Being a Madrileña — at least for a while….

Goya’s majos and majas

As I sit here, getting ready to head out to La Rambla, the big Madrid market — apparently THE place to be for any resident of Madrid on a Sunday afternoon, I can’t help but think how different this trip to Madrid has been for me.  While I won’t go so far as to say that I have become a maja (although I do play one on the stage…ha), I think that I have been an honorary Madrileña for these weeks.  That is just the Spanish word for a resident of Madrid.

I think that everyone has a personal travelling style and, while I think mine may have altered a little, in that I am no longer as pleased with the solitary nature of travel, I do still really like to stay pretty much in one place for a period of time, so that I can really feel the place and get to know

the place, as much as possible like a resident.  Okay, I realize that if I really lived in Madrid I would not be living in a four star hotel, but I think you can see what I mean.  I like to wander the streets, I like to go where the locals go, I like to get out of the tourist center, and well, I like to have time to take it slow and observe what life looks like around me.  To have time like that with a place lets me so both the ways in which the culture is unique and the ways in which our humanity we are all so much the same.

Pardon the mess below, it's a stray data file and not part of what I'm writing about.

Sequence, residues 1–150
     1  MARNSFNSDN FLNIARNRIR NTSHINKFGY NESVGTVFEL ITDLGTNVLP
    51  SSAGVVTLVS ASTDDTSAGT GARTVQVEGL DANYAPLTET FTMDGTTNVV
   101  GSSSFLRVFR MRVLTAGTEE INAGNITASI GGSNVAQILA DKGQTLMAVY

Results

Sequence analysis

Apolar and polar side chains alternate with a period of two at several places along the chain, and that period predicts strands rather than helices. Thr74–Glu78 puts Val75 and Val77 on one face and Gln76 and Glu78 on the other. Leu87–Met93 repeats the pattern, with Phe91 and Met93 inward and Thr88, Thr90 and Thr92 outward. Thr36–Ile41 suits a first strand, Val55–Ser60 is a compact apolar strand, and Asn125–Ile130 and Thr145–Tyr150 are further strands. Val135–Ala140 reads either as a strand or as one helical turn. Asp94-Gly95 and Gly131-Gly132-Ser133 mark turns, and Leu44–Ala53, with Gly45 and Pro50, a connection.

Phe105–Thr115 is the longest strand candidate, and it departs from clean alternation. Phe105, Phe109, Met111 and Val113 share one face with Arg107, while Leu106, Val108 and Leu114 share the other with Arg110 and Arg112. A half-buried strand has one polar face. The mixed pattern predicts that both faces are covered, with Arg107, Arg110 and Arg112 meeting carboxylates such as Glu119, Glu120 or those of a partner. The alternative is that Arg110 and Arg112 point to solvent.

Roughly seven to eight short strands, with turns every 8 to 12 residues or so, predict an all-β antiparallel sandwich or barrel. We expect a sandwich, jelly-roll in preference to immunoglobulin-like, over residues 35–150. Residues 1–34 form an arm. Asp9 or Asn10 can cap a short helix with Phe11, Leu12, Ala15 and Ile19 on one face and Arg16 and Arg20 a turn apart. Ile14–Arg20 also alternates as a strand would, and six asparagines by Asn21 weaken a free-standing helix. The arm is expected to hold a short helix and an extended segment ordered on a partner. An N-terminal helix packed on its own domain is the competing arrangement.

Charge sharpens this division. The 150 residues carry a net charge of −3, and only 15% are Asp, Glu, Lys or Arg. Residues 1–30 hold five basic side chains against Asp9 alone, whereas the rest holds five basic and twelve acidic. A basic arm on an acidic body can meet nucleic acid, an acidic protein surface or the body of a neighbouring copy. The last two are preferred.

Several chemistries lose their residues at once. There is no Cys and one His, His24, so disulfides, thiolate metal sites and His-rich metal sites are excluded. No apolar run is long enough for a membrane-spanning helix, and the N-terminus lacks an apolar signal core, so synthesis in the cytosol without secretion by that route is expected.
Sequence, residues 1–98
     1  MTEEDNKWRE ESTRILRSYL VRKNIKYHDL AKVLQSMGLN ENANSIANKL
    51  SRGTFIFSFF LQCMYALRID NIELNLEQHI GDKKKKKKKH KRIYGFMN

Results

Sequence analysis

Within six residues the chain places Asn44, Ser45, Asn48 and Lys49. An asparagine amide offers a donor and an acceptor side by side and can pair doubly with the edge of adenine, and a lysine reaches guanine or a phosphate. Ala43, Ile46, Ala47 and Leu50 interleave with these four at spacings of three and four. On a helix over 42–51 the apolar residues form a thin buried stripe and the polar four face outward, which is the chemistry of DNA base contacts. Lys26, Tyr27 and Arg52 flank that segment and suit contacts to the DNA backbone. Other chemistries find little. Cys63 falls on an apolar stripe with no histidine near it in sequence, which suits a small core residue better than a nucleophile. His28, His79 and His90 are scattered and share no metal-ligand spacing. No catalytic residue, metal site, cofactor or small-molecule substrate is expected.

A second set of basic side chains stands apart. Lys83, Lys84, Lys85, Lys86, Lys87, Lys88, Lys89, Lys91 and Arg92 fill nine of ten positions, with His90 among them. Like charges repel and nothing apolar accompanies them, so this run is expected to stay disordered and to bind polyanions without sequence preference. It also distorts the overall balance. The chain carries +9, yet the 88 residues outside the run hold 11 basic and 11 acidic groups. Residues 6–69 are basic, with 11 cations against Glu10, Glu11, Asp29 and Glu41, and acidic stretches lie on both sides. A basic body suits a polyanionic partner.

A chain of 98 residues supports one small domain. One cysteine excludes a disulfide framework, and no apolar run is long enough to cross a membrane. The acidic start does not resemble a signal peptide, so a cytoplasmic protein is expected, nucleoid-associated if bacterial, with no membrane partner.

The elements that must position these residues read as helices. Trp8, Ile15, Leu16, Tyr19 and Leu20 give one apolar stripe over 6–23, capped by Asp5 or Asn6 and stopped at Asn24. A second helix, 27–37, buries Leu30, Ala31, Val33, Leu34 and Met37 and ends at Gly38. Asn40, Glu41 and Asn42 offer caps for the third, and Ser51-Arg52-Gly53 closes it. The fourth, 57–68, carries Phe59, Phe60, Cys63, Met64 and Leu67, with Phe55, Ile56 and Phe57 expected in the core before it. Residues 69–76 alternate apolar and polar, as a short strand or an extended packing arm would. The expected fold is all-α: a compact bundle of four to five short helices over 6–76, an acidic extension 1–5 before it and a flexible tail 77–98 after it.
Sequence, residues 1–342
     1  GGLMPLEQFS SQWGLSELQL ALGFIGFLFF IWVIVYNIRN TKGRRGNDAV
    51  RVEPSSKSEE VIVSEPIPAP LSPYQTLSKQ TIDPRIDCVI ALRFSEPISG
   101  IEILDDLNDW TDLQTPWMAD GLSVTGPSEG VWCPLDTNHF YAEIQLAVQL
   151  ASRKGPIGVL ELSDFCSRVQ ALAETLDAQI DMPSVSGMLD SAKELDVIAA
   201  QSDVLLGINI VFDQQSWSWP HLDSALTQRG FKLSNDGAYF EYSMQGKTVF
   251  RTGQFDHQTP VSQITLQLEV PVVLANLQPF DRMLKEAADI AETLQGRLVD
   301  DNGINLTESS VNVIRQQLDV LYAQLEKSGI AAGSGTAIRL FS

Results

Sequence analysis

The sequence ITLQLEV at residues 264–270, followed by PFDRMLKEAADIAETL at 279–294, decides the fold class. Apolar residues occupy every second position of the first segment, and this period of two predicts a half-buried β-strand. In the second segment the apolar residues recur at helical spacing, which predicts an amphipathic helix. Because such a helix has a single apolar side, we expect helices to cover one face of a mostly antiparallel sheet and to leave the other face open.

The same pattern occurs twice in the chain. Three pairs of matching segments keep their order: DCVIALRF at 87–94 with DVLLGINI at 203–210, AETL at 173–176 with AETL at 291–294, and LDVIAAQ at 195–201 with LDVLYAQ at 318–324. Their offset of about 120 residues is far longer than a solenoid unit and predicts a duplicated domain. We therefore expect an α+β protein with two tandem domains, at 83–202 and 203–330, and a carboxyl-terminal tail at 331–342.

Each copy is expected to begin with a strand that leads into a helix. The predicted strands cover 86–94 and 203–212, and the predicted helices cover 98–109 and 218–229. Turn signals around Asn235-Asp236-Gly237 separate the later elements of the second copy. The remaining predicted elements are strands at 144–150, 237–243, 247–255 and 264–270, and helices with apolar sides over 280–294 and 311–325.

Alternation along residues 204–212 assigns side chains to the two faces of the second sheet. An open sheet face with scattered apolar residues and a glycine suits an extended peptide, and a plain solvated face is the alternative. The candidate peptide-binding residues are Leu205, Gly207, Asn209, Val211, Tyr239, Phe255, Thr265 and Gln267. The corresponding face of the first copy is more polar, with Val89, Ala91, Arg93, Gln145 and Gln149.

And I have had that opportunity here.  Last time I was here, I hit the museums and the palace and I was gone.  This time, I haven’t even been able to summon up the adventurous nature needed for a day trip.  Okay, yes, I have been working most days, but on my free days I have just decided to savor my surroundings.

Most days I have been in a neighborhood called Malasaña, Madrid’s answer to New York’s East Village.  And I’ve seen all of the kinds of things that one sees in the East Village.  I’ve sat on the square where the revolt against Napoleon’s occupation of Spain began, a square now filled with a dog park and playground.  And yesterday, I took a trip to the Salamanca district, perhaps best described as Madrid’s answer to DC’s Northwest quadrant.  And of course, I’ve strolled the great streets:  the Gran Via, the Paseo de Recolettes, the Paseo del Prado, and wandered in the Parco de Buon Retiro.  Oh yea, and there are dogs everywhere.

And what do I see?  I see people, living their lives, just as we do back home.  I’ve seen a long line for a soup kitchen in  Malasaña, I’ve seen boarded up store fronts, and today, I’m guessing I’m going to see a pretty big demonstration at Puerto del Sol on behalf of the 21% of the population in Spain who are unemployed.

I know I am just a visitor, but I really feel like Madrid has invited me, and let me see her.  And for that, I am grateful.

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